Players are stereotypes in a banana republic responsible for voting on graft/corruption as well as whether to overthrow the president. It should not be taken seriously! Teachers should be aware of the stereotypes being parodied.
The saving of souls. Game forces cooperation–no one wins if any of the players dies.
If Axis and Allies is already known, this is a World War One variant to use the same rules and play the same game.
The value is in the use of the cards. 36 possible results along with the various on-base situations allows calculation of possible results and probabilities. The statistics for likelihood of each on-base situation are researchable. This would work with moderate to high level math classes. Students could recreate player abilities/make their own cards by researching past baseball season stats.
Better to tweak the rules and emphasize the creation of things and the riddles. Be prepared to provide extra play-doh or model clay!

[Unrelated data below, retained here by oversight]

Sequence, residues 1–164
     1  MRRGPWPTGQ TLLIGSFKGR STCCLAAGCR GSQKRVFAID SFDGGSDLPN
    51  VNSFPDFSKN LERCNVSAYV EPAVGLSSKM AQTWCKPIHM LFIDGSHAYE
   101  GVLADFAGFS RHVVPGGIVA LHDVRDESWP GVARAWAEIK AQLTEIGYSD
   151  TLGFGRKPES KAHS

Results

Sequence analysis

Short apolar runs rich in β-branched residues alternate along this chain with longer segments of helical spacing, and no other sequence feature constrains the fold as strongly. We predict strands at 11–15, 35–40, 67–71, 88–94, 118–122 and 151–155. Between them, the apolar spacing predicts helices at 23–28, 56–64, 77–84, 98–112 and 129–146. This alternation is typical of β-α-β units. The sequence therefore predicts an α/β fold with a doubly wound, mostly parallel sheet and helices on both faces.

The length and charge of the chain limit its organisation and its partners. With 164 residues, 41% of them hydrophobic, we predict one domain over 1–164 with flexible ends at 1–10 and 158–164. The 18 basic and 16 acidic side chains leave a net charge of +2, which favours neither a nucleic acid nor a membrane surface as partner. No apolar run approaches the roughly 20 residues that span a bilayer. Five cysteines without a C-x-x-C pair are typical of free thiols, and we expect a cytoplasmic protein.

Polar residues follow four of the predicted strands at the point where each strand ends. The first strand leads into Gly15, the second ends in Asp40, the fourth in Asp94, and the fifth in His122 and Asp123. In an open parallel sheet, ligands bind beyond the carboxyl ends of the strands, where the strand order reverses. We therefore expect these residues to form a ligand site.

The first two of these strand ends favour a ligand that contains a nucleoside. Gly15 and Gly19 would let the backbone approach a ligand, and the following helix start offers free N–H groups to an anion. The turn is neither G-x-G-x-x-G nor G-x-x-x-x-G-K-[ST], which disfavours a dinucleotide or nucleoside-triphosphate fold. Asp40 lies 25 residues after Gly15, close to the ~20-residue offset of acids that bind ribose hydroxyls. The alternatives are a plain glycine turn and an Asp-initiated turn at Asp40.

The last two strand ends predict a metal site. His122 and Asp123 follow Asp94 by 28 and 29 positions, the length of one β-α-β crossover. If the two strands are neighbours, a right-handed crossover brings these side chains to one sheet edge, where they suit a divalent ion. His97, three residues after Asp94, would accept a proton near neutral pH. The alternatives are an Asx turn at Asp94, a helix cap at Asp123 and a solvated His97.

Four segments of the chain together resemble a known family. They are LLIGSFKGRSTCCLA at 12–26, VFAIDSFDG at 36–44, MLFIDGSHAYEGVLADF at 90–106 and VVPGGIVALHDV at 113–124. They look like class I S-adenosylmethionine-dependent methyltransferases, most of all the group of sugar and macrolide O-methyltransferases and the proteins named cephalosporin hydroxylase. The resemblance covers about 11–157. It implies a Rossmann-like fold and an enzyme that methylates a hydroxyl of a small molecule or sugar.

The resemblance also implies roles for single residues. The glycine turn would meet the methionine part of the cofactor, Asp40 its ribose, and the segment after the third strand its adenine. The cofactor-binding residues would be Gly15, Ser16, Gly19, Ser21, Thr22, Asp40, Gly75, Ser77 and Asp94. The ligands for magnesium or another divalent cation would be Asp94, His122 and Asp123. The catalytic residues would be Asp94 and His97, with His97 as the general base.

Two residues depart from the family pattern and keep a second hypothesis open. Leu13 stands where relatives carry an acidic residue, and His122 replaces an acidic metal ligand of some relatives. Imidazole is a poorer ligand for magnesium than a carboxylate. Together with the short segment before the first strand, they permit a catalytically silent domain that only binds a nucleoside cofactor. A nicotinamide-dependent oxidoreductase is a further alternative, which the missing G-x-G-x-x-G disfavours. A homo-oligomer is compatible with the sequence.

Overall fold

It looks pretty and will have some critical thinking issues: do you press on with exporation or go back and claim your fame and hope no one else finds other, more famous things. Similar to â€œSource of the Nileâ€ by Avalon Hill.
It is essentially a 4-player chess variant.
Players look at cards and try and form words from the letters on at least three cards. First to blurt a word gets those cards. Simple, fast, affordable.
Nice easy word game. The caution would be with older kids who could try and push the limits of word choices, but that is a rare problem. It is also easy to make your own cards for the game.
These are books covering every conceivable military campaign of history or army of history. The value comes from the brevity of the books, the conciseness of detail, and the photographs and color artwork that accompany the text. The research behind the books tends to be first-rate as well. If not used directly or made available to students, they can supplement knowledge in areas you feel you as a teacher need help with.